Children are constantly bumping into objects, falling over or catching minor illnesses, this is all part of childhood and in fact helps to build up their immune system to brace them for later life. The confusion among parents is how to know if your child is suffering with something that needs more serious medical attention.
As with most medical conditions, early diagnosis is essential to both beating and stabilising the condition, which is why it is so important to educate yourself on the early warning signs and keep an eye on anything that doesn’t seem right.
Here Dr Ahmed Massoud, Consultant Paediatrician and Paediatric Endocrinologist at The Harley Street Clinic, part of HCA UK, offers his expert advice on the particular red flags and warning signs to look out for.
Dr Ahmed Massoud says: ‘Most parents are aware that a high temperature is associated with illness. All children get a fever from time to time and for the most part it isn’t an indication of anything serious. In fact, in most cases it is due to a viral infection and is generally a good thing – indicating that the body is fighting the infection.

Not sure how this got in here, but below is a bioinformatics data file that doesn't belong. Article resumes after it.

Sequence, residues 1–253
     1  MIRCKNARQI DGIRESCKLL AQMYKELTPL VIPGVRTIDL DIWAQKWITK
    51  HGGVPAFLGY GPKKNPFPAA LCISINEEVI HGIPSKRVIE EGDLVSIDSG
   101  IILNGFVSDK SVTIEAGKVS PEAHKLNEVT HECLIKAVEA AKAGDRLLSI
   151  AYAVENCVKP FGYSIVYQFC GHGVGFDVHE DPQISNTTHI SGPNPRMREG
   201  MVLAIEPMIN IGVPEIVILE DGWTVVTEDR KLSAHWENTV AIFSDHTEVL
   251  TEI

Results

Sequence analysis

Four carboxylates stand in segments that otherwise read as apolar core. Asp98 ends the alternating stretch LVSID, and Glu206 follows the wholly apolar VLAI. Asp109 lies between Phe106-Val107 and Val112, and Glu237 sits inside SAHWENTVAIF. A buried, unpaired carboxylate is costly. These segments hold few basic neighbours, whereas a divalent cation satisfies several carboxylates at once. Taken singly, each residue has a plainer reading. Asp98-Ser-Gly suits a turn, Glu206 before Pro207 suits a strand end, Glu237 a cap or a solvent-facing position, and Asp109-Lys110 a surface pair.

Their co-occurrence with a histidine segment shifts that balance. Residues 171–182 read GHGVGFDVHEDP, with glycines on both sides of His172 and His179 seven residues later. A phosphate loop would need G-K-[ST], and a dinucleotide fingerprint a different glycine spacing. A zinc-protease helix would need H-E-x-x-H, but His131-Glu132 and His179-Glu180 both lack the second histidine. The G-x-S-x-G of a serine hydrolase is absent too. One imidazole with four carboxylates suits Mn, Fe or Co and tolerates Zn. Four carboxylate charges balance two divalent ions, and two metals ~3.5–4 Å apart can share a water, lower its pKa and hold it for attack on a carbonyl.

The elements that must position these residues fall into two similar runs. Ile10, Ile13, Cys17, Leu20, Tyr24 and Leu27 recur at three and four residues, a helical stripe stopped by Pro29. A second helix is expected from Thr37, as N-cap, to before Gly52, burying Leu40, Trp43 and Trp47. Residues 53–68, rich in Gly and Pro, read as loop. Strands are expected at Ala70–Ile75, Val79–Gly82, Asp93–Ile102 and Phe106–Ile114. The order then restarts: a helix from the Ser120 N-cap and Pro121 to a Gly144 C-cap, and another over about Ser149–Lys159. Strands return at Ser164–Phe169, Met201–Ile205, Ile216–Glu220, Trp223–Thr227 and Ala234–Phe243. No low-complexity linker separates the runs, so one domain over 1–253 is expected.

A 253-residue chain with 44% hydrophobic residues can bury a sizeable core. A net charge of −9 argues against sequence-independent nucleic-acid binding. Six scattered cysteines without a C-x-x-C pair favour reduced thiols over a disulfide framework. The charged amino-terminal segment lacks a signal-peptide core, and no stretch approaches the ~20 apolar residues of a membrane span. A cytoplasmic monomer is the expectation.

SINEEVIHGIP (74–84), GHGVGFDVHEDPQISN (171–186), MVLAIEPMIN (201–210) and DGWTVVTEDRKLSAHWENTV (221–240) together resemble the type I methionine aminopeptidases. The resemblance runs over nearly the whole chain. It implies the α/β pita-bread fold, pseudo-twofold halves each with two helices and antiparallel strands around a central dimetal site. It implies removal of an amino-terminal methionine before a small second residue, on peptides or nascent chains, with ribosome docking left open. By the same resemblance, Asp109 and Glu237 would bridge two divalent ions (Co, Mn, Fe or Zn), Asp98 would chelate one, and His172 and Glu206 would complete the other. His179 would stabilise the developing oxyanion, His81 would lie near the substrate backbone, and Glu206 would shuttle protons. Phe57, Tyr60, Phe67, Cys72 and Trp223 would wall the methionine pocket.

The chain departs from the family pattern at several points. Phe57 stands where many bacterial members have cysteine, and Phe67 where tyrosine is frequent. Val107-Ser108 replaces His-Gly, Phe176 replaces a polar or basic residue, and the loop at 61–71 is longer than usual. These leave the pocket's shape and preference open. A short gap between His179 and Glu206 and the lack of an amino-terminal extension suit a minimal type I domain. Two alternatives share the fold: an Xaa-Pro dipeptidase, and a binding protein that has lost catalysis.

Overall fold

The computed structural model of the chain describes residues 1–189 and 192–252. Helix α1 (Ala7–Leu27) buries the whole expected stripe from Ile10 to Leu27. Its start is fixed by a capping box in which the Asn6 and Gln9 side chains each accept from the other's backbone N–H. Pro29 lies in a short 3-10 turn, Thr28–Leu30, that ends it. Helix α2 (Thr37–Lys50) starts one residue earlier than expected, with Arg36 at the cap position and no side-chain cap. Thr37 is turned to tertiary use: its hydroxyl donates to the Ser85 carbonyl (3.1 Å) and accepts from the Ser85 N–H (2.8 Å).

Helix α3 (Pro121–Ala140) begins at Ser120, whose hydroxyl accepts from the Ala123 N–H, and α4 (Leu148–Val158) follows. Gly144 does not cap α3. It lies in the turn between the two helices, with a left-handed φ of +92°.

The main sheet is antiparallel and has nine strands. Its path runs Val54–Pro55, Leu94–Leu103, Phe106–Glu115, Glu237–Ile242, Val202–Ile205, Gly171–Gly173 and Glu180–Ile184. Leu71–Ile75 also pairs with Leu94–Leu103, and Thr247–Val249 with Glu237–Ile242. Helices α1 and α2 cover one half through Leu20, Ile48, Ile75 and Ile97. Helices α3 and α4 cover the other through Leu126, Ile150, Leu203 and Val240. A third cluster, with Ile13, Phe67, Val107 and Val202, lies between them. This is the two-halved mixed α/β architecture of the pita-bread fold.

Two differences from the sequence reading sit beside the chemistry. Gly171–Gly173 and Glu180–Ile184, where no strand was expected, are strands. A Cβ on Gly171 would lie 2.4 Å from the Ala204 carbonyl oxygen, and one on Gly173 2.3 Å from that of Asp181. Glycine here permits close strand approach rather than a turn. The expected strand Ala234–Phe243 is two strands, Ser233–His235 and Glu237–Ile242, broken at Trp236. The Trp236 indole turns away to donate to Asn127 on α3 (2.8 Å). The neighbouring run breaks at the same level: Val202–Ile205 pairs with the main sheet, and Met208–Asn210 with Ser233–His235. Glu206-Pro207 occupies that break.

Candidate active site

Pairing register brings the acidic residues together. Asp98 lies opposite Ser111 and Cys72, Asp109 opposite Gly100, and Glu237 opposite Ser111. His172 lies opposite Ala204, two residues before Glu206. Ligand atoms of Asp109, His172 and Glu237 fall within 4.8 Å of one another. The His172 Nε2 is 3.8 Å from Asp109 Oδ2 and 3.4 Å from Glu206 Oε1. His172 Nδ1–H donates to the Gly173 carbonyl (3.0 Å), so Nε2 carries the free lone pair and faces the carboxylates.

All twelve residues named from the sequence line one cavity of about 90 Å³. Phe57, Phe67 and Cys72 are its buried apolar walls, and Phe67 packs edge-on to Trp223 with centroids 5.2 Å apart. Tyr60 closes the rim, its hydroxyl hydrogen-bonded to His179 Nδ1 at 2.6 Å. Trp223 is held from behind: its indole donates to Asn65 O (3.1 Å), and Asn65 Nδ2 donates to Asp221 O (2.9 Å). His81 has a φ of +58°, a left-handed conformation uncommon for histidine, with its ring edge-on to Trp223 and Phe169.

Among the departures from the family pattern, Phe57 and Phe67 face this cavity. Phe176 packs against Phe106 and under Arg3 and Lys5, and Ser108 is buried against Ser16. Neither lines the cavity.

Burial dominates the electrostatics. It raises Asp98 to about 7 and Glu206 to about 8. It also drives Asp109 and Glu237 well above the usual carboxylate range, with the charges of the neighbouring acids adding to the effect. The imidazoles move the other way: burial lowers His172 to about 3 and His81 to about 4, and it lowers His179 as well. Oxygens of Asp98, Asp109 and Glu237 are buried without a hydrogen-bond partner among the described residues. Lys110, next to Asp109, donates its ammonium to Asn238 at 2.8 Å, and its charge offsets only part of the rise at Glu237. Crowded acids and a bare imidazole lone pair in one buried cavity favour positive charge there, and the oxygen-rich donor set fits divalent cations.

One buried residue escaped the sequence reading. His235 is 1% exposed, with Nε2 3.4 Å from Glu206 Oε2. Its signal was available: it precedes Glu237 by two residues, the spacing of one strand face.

If your child is upset, sweaty, hot, flushed and visibly unwell, it’s easy to worry about the possible causes. There are several relatively harmless reasons that your child may have a fever, such as:
- Infection: Most fevers are caused by infection or other illness. A fever helps the body to fight infection by stimulating the body’s natural defence mechanisms.
- Overdressing: Infants do not have the capacity to regulate their body temperature as well as older children or adults, so if they are over bundled or in a hot environment this can lead to a fever.
- Immunisations: Baby’s and children can sometimes get a light fever after vaccination.
When is a fever a sign of something more serious? If an infant 3 months or younger has a rectal or oral temperature of 38°C or higher, it’s important to seek medical attention immediately.